The theme of the beloved Pedro Suárez-Vertiz presents a new reading in the face of the coronavirus health crisis with the aim of promoting the reactivation of tourism in Peru, especially with the reopening of our national monument Machu Picchu.

This new version is performed by Daniela Darcourt, Ezio Oliva, among other Peruvian artists and is characterized by having a variation in the lyrics such as the famous verse “When you think about coming back, here are your friends and a country to visit.”

Now, the message that is raised is to raise awareness among Peruvian society about the global situation of Covid-19 and encourage people to be part of the national tourism reopening in a responsible manner and following safety measures.

Pedro Suárez-Vértiz: “The national identity took hold of me”

Note: El Comercio sought to learn more about the genesis of this song, so we contacted Pedro Suárez-Vértiz; who sent us an explanation. Below is the full message:

“When you think about Volver” is a song that touches the fibers of nostalgia for your land and your past. Even living in your own land, and not necessarily outside of it. It is also a kind of fusion of conventional rock instruments foreigner with typical instruments of Andean music. How did this idea come about? Well, I think that the national identity took hold of me and acted without me realizing it. I can affirm that Peru as a homeland was the muse.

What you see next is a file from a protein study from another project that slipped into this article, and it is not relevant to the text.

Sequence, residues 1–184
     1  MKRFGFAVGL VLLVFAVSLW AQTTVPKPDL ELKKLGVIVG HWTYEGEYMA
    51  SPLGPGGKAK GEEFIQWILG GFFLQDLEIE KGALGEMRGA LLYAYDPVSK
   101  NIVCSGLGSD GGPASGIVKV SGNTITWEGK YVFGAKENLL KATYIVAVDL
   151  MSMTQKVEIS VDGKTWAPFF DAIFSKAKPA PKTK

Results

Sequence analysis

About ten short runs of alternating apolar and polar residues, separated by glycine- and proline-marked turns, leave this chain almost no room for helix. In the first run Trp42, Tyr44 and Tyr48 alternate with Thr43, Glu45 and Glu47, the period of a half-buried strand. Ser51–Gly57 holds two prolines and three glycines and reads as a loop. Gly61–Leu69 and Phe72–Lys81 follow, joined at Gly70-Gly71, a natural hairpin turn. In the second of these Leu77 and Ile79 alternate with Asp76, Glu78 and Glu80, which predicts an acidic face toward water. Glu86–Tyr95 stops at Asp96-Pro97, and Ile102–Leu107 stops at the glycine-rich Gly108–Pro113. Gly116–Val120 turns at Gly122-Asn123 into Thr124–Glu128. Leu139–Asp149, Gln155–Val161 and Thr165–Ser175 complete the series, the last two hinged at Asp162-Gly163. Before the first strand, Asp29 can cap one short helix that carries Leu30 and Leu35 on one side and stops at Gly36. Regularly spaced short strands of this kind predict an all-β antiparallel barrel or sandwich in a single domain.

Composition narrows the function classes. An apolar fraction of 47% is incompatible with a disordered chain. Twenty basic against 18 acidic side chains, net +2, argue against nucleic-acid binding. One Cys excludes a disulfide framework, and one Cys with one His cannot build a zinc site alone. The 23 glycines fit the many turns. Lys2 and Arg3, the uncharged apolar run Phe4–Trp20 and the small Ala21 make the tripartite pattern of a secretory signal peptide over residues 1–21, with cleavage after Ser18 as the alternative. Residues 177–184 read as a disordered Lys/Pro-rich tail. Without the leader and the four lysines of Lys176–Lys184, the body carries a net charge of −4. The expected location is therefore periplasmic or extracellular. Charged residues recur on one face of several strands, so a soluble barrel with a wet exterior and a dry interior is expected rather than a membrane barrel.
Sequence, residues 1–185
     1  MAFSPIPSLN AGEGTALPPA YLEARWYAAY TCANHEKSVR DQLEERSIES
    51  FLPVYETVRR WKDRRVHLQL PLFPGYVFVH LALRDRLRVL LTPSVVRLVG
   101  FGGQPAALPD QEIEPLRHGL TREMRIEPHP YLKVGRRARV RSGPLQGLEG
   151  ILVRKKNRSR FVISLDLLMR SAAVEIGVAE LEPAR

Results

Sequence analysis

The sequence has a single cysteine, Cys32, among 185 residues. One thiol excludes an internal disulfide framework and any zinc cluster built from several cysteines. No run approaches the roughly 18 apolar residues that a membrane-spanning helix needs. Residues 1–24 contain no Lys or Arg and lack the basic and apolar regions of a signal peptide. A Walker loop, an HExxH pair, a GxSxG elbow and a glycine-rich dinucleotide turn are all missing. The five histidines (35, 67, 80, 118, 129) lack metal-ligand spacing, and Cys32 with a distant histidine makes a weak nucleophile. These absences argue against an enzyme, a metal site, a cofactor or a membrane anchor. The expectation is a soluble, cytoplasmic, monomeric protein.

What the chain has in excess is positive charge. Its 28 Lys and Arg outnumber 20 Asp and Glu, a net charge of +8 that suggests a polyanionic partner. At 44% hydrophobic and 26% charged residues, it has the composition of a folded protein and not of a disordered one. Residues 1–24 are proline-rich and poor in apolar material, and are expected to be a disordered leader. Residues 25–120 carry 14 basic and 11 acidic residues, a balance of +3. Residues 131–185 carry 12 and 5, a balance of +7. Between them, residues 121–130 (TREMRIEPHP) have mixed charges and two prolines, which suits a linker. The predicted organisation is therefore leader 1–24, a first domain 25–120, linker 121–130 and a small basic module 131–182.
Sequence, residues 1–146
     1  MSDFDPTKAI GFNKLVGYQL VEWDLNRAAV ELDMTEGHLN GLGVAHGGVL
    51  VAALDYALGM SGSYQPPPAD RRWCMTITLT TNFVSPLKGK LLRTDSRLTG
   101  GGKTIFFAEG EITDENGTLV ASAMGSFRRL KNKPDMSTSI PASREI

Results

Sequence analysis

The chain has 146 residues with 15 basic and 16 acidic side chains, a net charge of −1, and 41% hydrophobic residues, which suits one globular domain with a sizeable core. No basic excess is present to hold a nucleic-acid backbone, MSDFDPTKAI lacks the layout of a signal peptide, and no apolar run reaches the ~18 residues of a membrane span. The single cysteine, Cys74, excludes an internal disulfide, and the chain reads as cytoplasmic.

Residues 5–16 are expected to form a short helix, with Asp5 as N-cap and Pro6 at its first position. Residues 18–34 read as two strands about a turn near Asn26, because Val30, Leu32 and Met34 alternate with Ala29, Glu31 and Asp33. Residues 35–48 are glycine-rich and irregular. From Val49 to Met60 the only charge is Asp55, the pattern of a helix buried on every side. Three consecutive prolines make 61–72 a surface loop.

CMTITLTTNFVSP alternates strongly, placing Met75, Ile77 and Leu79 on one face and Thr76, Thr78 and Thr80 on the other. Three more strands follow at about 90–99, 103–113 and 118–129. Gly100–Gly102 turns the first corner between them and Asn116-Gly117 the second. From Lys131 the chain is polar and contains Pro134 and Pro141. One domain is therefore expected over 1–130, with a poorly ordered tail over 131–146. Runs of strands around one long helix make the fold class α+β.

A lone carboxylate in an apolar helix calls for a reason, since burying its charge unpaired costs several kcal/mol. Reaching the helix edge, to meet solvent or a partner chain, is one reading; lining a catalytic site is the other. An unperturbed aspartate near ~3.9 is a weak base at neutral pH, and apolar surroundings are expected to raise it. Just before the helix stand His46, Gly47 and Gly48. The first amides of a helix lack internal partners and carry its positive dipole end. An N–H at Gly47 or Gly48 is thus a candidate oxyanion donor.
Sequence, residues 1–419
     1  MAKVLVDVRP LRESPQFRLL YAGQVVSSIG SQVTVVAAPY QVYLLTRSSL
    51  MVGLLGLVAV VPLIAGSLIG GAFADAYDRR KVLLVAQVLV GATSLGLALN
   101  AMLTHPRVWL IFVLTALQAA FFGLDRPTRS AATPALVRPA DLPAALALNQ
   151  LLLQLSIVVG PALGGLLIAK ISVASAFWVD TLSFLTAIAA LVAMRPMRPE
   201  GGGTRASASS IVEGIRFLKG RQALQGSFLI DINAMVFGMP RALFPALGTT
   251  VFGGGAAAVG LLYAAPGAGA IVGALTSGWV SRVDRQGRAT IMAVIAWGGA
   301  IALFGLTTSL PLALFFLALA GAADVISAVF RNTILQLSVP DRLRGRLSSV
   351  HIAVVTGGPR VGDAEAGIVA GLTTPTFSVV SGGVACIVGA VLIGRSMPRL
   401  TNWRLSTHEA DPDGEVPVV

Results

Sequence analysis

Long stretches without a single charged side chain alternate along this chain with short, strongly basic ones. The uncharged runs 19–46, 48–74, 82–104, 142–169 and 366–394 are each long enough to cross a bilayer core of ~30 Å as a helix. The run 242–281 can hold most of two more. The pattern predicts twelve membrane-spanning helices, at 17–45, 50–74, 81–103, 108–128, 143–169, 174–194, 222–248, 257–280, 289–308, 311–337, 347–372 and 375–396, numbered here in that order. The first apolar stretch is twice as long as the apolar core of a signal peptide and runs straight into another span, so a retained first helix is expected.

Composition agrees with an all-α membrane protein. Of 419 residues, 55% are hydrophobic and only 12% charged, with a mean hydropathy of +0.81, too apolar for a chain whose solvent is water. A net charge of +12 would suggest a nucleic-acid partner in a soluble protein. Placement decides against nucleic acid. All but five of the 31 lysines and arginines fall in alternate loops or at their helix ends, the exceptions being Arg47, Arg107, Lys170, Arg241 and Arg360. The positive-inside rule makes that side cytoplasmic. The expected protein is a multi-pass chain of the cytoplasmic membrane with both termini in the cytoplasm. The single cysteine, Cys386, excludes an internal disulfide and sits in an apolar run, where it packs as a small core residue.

Obviously the musical purpose for which it was created was achieved. However, alone she went further in the social aspect, without anyone expecting it. The verse was composed for a film that never came out. The opportunity to work in film gave me the freedom to step outside my genre without fear and experiment with different sounds.

When you make a record, even if you’re Bjork, you have responsibilities to sound attractive. But in the cinema you are only a complement to the images and a separate story that is the script. You don’t have the leading pressure to charm. That sent me to a new world.

The chorus was done as a separate song. It was originally a melody inspired by the song “desperate” by The Eagles and “Bridge Over Troubled Waters” by Simon & Garfunkel. That’s how it was, super romantic and with many chords. That’s why when it accelerated to be able to rhythmically tie in with the verse that previously existed It was very difficult for the fans to play.

There are many “passing” chords that make it very interesting. The quenas solo, which gradually transforms into Gregorian choirs, is one of the most accomplished things in my career.

The lyrics gave an epic touch to the instrumentation. It was an involuntary symbiosis of nationalist sound with patriotic lyrics. I never calculated it. The “ahuaynado” rhythm but sung in counter-rhythm to be able to internationalize It was perfect for the charango. the legüero bass drum, the band cymbals and the Ayacucho saxophones played by Jean Piere Magnet. Everything tied up perfectly.

In the end there were so many instruments that I felt like I had recorded a festival. I didn’t understand what I had done. That’s why we had to master the album at The Hit Factory in New York. the same studio where John Lennon recorded so that the sounds do not clump together and everything is heard as a ball.

When you take risks like that (because the song was ignored in all the focus groups we did) you are one millimeter away from everything being ruined, but it didn’t happen. It was quite the opposite.

Source: Elcomercio